US 5962099 A
A pressure-sensitive tape for sealing cartons and for other applications requiring a flexible tape of exceptional strength and of sufficient body so that the tape in roll form may be dispensed from a conventional pull-and-tear tape dispenser. The tape is composed of a paper-plastic film laminate having a first ply of biaxially-oriented, synthetic-plastic film, cold-laminated by a water-based adhesive to a second ply formed of paper. The inner surface of the film ply is corona-discharge treated to render it wettable and receptive to the adhesive, thereby producing a strong adhesive bond to the paper ply that is resistant to delamination of the tape. One side of the laminate which may be either the paper or the film side, is coated with a pressure-sensitive adhesive, whereas the other side is coated with a silicone release agent to prevent blocking, whereby the tape may be wound into a roll for loading a tape dispenser.
1. A pressure-sensitive sealing tape of exceptional strength and of sufficient body so that it may be dispensed from a conventional pull-and-tear tape dispenser; said tape consisting essentially of:
A. a thin, biaxially oriented, synthetic-plastic film ply of high strength whose inner surface is corona-discharge treated to render it receptive to an adhesive, said film ply being formed of a material selected from a class consisting of polypropylene, polyethylene and polyester;
B. a paper ply cold laminated by a water-based adhesive to the inner surface of the film ply to form a laminate highly resistant to delamination in which the orientation of the film ply and its strength are maintained, said paper ply being relatively thick to impart stiffness and body to the tape;
C. a layer of pressure-sensitive adhesive coating one side of the laminate; and
D. a release agent coating the other side of the laminate to prevent blocking and thereby permit winding the tape into a roll useable in said dispenser.
2. A tape as set forth in claim 1, in which said film ply has a thickness no greater than three mils, and the paper ply has a thickness no greater than six mils.
3. A tape as set forth in claim 1, in which the film ply has a thickness of about one mil and the paper ply a thickness of about three mils.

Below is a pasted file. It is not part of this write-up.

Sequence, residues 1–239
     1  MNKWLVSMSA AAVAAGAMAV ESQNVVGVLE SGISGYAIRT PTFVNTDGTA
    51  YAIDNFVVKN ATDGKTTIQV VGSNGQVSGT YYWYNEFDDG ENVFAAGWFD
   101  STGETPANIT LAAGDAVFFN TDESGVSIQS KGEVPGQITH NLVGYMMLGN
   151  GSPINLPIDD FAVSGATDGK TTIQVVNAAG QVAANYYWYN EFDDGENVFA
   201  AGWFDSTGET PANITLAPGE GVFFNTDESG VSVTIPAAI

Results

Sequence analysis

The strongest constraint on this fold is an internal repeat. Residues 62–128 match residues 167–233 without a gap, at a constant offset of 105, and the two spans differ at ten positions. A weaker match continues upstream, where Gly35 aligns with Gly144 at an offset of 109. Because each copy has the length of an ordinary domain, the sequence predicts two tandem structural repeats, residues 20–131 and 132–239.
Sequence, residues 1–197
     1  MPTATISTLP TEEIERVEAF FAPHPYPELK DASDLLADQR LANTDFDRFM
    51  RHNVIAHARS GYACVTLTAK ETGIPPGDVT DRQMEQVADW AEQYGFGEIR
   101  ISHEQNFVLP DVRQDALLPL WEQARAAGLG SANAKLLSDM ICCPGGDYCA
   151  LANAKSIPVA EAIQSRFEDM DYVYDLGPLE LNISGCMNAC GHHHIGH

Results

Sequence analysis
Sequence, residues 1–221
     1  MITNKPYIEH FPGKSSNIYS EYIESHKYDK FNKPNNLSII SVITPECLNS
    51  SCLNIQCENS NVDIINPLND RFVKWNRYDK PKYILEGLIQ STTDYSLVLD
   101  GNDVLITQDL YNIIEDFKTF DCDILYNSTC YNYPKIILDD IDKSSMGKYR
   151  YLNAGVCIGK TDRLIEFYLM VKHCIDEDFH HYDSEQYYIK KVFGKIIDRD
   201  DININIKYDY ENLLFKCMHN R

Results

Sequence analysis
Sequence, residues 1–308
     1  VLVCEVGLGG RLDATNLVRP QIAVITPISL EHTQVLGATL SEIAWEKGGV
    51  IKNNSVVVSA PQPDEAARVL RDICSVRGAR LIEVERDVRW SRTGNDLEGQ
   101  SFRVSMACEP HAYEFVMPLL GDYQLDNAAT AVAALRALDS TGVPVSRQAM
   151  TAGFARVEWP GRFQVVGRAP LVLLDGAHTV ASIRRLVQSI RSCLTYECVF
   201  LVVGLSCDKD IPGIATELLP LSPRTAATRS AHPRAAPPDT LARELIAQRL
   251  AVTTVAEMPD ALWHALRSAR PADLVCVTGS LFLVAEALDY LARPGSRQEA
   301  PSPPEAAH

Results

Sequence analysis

4. A tape as set forth in claim 1, in which the release agent is a silicone.
5. A tape as set forth in claim 1, in which the pressure-sensitive adhesive is applied to the film side of the laminate.
6. A tape as set forth in claim 1, in which the pressure-sensitive adhesive is applied to the paper side of the laminate.
7. A tape as set forth in claim 1, in which the exposed surface of the film ply is corona-discharge treated to render it receptive to printing inks.
8. A tape as set forth in claim 1, in which the other side of the laminate is metallized.
This application is a continuation-in-part of the Block et al. application Ser. No. 07/975,080, filed Nov. 12, 1992, now abandoned, entitled "PAPER-FILM LAMINATE SEALING TAPE" whose entire disclosure and that of the related application Ser. No. 07/818,543, filed Jan. 9, 1992, now U.S. Pat. No. 5,190,798, are incorporated herein by reference.
1. Field of Invention
This invention relates generally to pressure-sensitive sealing tapes, and more particularly to a paper-plastic film laminate tape of exceptional strength and sufficient body to enable the tape to be dispensed in a conventional tape dispenser machine.
2. Status of Prior Art
The patent to Williams U.S. Pat. No. 4,351,877 discloses a sealing tape for cartons, formed of a high-strength face ply of synthetic plastic film material, laminated to a base ply of paper whose outer surface is coated with a remoistenable adhesive. This tape is wound into a roll and is dispensed from a standard Kraft paper tape-dispensing machine which includes a water reservoir to moisten the adhesive coating as the tape is advanced out of the dispenser.